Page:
SANTA MONICA — The mask sculpture that 14-year-old Lourdes made has an open mouth because, she says, "it has too much to say."
She carved deep scratch marks in one cheek to show her pain. The brow is furrowed in anger and frustration, and a broken heart on the forehead symbolizes people who abused her trust, especially the men who she says pushed her into prostitution.
"I poured everything into it," said the miniskirt-clad teen-ager. "In a way it made me angrier because it brought everything back out that I tried to push down."
Even so, the mask for Lourdes is a step toward getting better. It is the product of an unusual art therapy project at Angel's Flight Shelter, a temporary home for runaway and homeless youths in downtown Los Angeles.
Last week, masks made by Lourdes and other Angel's Flight residents went on display in Santa Monica at the Ken Edwards Center for Community Services, and she and some of the other young artists were on hand to talk about them.
A mask made by Danny (to protect the children, shelter officials insisted that their last names not be disclosed, and some unusual first names have been changed in this article as well) depicted utter despair--teardrops, downcast eyes, a frown. But its creator, a 17-year-old former gang member and drug abuser, was upbeat as he talked about his work in a tone of compassion and self-acceptance.
"This is how I used to be," Danny said. "For the longest time I was depressed and sad. (The mask) helped me come more into reality with the problems I had. . . . Before, I ran away from them."
And that's the idea. The mask-making process is a way Angel's Flight residents confront hidden, often troubling emotions and feelings. The resulting sculptures, made of clay, papier-mache and paint, reveal a face, a side of the self that many see for the first time.
It's a painful exercise, said Judy Leventhal, an art therapy consultant and social worker who oversees the art classes at Angel's Flight. Many of the students are angry, suicidal or feel isolated. Many have experienced sexual abuse, gang violence and drug addiction. But expressing one's feelings, and finding that in doing so one doesn't fly apart, is the first step toward healing, Leventhal said.
"This is therapy through the hands. They pound and push clay. It gives them a primitive, gut-level way to deal with what's in their minds and hearts," she said.
Angel's Flight, a program of Catholic Charities of Los Angeles, helps about 400 youths each year. The shelter accepts youngsters ages 10 to 17, and works to get them off the street and into stable living arrangements. When possible, they are reunited with their families.
During their limited stay--usually no more than three weeks--the residents receive individual and family counseling. They may participate in music therapy, art therapy, an acting program, supervised recreation and on-site schooling.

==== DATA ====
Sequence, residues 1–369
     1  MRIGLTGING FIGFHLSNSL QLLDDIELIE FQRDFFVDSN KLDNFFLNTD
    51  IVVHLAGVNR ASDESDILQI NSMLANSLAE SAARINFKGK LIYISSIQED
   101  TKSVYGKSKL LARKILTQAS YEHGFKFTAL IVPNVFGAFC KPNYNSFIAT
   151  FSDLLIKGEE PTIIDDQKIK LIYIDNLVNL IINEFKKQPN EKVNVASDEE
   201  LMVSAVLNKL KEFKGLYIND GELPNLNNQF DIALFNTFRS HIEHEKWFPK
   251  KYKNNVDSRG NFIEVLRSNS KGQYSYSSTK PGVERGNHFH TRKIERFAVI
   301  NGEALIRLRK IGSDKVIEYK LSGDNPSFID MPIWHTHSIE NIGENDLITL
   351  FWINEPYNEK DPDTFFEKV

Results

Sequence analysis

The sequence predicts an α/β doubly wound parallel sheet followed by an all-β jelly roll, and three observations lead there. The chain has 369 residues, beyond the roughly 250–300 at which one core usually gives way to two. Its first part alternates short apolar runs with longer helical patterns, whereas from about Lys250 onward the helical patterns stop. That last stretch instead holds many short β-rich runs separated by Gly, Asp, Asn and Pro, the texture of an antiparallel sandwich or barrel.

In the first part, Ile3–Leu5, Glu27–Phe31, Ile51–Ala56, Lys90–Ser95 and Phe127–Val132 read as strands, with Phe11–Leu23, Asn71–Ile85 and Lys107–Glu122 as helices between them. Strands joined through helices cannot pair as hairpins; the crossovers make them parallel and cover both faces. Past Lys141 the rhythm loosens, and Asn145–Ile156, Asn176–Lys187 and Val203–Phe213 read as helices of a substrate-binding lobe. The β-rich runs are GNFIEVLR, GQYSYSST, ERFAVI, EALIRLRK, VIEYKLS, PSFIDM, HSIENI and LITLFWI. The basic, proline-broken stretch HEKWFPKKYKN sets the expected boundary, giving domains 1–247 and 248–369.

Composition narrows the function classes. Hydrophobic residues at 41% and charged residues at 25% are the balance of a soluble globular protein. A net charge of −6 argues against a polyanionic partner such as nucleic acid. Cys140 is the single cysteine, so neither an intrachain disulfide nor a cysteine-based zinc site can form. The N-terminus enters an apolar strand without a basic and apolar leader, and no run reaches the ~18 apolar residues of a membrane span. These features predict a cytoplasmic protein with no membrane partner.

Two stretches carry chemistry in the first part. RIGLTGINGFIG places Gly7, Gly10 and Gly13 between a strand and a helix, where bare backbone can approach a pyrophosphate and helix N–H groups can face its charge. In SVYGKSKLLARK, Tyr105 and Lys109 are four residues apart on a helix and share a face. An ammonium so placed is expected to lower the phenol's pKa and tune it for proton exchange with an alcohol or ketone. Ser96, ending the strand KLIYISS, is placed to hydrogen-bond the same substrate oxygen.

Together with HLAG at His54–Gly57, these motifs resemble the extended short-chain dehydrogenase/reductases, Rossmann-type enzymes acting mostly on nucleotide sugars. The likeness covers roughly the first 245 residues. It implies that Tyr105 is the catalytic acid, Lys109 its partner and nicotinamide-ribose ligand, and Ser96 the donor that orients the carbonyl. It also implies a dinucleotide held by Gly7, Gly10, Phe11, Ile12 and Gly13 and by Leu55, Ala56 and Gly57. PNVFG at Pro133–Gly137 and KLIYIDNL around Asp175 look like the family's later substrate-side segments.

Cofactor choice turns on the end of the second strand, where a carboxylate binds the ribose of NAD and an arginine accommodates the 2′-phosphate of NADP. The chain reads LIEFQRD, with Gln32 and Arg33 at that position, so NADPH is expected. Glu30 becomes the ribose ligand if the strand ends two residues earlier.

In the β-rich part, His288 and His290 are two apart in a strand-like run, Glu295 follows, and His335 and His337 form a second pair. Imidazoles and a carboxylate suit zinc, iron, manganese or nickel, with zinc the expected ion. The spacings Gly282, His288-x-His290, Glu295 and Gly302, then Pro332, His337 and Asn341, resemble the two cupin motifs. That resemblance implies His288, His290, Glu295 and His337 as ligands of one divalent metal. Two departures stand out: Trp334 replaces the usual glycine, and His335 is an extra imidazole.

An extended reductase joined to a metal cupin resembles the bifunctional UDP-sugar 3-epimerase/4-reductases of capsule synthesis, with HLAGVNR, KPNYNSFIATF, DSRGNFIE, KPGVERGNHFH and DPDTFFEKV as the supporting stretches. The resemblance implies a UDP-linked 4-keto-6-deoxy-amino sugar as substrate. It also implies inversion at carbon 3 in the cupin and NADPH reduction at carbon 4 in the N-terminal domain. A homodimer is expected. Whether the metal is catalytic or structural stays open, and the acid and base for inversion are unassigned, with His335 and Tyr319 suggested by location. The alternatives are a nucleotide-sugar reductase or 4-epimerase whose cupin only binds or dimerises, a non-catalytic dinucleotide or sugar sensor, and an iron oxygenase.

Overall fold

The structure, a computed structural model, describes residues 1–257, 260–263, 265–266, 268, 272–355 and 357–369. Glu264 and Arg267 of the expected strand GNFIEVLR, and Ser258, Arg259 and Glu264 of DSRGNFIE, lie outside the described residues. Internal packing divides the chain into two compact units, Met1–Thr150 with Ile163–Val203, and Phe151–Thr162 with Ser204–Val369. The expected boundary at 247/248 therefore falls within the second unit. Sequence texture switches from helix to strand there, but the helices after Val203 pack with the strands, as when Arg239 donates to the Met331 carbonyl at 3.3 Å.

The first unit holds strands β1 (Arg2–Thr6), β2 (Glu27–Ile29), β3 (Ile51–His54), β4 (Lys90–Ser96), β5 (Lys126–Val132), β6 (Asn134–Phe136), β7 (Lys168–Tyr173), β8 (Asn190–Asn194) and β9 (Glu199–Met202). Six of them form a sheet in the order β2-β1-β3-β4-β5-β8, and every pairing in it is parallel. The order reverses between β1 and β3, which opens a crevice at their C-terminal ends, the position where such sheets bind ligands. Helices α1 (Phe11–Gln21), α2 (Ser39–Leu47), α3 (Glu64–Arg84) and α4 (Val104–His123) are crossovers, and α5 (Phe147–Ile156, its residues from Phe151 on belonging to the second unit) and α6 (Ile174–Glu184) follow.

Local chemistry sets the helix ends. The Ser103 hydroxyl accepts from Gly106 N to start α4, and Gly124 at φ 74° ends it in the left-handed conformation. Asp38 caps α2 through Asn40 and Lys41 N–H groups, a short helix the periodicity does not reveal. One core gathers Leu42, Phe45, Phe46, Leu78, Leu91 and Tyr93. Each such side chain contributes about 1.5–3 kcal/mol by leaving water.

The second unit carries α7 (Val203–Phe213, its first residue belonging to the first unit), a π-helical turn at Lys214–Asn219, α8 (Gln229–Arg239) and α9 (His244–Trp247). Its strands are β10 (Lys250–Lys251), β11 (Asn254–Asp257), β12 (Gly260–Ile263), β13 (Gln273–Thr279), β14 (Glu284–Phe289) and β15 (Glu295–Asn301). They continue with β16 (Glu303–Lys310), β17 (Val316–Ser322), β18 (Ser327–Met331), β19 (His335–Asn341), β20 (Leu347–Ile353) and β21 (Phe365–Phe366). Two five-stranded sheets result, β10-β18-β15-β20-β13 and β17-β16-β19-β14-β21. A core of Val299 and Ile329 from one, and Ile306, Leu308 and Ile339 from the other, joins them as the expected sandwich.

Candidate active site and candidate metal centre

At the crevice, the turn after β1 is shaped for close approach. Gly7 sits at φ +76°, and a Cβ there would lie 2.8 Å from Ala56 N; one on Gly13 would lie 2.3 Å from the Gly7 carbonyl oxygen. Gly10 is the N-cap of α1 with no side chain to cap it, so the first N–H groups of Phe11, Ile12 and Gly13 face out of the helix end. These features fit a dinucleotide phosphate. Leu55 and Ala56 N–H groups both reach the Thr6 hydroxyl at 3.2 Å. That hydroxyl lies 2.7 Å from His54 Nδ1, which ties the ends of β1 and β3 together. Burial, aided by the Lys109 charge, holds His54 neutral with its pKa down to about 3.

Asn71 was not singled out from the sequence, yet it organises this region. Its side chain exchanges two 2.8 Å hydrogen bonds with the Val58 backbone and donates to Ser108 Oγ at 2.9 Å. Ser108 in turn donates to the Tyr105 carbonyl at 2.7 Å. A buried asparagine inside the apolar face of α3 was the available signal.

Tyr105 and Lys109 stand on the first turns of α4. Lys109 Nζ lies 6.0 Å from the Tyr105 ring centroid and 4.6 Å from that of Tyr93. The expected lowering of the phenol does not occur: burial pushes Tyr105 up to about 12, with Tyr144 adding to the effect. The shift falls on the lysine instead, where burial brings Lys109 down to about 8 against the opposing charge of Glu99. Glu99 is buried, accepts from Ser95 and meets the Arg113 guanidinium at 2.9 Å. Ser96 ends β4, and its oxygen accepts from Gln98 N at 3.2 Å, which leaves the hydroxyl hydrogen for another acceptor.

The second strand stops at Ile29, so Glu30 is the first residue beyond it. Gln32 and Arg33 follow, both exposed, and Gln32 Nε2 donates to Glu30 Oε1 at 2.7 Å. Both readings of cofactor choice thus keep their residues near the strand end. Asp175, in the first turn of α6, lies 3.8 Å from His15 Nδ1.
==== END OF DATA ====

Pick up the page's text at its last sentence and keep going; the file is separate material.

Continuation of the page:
Completed masks often serve as a starting point for counseling because many teen-agers find it difficult to put their feelings into words, said Angel's Flight residence director Heidi Amundson.
"Once they deal with it at one level, they can usually come back later and deal with it verbally," she said. "It's very effective."
Mask-making is voluntary. The students work at their own pace during art class, which is held for five hours a week. Most students tackle the project after completing several drawings and paintings. Some students find the mask exercise too difficult and give up. Some spend weeks perfecting their work.
Leventhal encourages students to put into their masks what hurts, what they are angry about, and what they hope to change.
"We want to know how you survived and what your hopes are for the future," she said she tells them.
The mask, Leventhal said, is a particularly powerful art form used in cultures around the world. Masks are worn during rite-of-passage ceremonies. Healers use them to drive away illnesses and stave off death.
"When you make (fear) visible, it's no longer so threatening," she said.
The mask exhibit in Santa Monica was made possible through a $500 donation from the city of Santa Monica and the offer of free display space. The purpose of the exhibit is to celebrate the courage of the young artists, Amundson said.
Some masks in the colorful exhibit take on characteristics of the abuser in the artist's life. A mask titled "My Stepfather's Mask" features bulging eyes and ridiculously contorted lips. The caption beside it reads, "His blue grin tells how cold he is. His red, yellow bulging eyes show his anger."
Jessica, 17, chose to focus on dreams in her mask, a silver and gold work inspired by the musical "Phantom of the Opera."
Early this year, Jessica hopped on a Greyhound bus in South Carolina and headed for Hollywood with $318, two years' allowance, in her pocket. She hopes to become a singer.